Over the last few weeks, I’ve read articles in The Wall Street Journal, insurance industry trade magazines, and futurist publications about the impact of technology on the insurance industry – the life insurance sector, in particular. Recent start-ups like Ladder, Lemonade, and Haven are all trying not just to tweak the way life insurance products are purchased, they are attempting to turn the traditional model of what insurers sell and how they sell it on its head.
Smart, simple, affordable, and fast are the characteristics of these technology-driven insurers. And their objective is transforming the sale of a complex product that took place over a kitchen table and required days or weeks to conclude into the purchase of a commodity without blood tests or physical exams done online in a matter of minutes.
Whether these three new entries will ultimately prove successful has yet to be seen. After all, Napster changed the way that we listen to music, but Apple made the online purchasing and downloading concept viable and profitable. The company that is first to discover a new product or delivery mechanism need isn’t always the one that reaps the most benefit.
But the underlying message of Ladder, Lemonade, and Haven is clear: fundamental, transformational, and technology-driven change is coming to our business.
And those organizations that can’t or won’t invest in and adapt to those changes will face a future with a very predictable outcome: a slow and steady fade into obsolescence.
There are hundreds of examples of how technology has transformed businesses and changed the way we purchase goods and services. When was the last time you went to a travel agent, a record store, a bookstore? Have you walked into a bank branch lately? Do you still get a daily newspaper or do you access multiple papers online? What about your children and grandchildren? It’s not just nostalgic but downright dangerous to think that the financial services business is going to be exempt from these forces of change.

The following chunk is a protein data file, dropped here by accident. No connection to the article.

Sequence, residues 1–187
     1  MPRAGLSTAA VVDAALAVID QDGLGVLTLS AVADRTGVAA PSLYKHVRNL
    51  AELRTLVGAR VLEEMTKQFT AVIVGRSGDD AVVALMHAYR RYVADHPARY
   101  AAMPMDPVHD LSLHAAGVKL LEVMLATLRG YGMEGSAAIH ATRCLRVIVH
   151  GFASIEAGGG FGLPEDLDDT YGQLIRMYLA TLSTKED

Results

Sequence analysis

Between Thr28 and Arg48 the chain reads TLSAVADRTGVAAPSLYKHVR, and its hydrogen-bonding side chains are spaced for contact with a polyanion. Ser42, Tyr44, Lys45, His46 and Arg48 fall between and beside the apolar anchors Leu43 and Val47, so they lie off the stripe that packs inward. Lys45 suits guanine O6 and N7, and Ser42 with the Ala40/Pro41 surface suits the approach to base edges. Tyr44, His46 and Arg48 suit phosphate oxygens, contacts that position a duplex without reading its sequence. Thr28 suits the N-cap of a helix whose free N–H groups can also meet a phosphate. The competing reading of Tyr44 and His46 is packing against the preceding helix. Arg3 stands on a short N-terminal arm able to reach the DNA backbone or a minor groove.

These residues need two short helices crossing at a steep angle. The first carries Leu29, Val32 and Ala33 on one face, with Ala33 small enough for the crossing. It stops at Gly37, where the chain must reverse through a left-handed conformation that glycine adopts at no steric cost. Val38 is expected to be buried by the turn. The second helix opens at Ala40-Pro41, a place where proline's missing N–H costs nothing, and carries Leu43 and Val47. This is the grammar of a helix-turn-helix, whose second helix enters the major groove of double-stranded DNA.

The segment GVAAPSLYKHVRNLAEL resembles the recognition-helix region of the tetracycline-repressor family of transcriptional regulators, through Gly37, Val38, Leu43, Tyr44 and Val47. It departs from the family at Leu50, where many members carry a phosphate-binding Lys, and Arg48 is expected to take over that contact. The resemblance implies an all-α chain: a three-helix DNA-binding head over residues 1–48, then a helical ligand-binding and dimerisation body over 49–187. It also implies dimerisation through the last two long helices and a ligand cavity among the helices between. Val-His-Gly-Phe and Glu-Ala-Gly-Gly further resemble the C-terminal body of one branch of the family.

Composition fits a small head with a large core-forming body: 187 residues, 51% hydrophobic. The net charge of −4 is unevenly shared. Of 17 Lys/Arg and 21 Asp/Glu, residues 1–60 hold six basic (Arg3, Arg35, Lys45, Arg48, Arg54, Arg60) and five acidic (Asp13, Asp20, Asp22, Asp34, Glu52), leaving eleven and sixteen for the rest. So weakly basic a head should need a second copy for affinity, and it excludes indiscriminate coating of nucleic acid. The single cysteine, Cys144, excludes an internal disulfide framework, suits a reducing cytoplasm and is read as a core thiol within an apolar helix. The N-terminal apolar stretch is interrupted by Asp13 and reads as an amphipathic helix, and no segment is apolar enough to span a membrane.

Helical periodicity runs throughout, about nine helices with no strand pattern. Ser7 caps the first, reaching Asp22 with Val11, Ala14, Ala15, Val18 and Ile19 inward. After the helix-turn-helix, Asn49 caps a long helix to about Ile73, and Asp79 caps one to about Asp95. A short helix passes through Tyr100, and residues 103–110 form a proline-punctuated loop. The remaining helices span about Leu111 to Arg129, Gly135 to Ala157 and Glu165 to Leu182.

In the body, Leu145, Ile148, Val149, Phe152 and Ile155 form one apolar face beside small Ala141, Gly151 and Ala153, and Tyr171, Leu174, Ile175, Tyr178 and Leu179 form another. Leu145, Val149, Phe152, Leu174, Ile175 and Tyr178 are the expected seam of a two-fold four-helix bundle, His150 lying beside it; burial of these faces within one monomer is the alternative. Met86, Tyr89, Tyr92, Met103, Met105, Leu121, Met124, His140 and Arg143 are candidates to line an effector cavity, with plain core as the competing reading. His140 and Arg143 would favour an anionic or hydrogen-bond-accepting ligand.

I am not predicting the demise of agents or financial advisors. A certain (but most likely a shrinking) segment of the population is always going to want to help from a competent and trustworthy professional. And the fraternal life insurance model, with its often undersold virtue of community service activism and financial support for causes that reflect the values of members, may be the ideal niche for field representatives that truly embody the society’s financial and fraternal missions.
That said, fraternals will still need an online door through which new (and primarily younger) members can enter. These individuals may very well be attracted to a particular society – or the fraternal business model, in general – because of our unique “giving back” features. But smart, simple, affordable, and fast are still going to be extremely important to these consumers. And if we can’t offer that option, then they’ll climb the Ladder, drink them Lemonade, and seek a safe Haven somewhere else.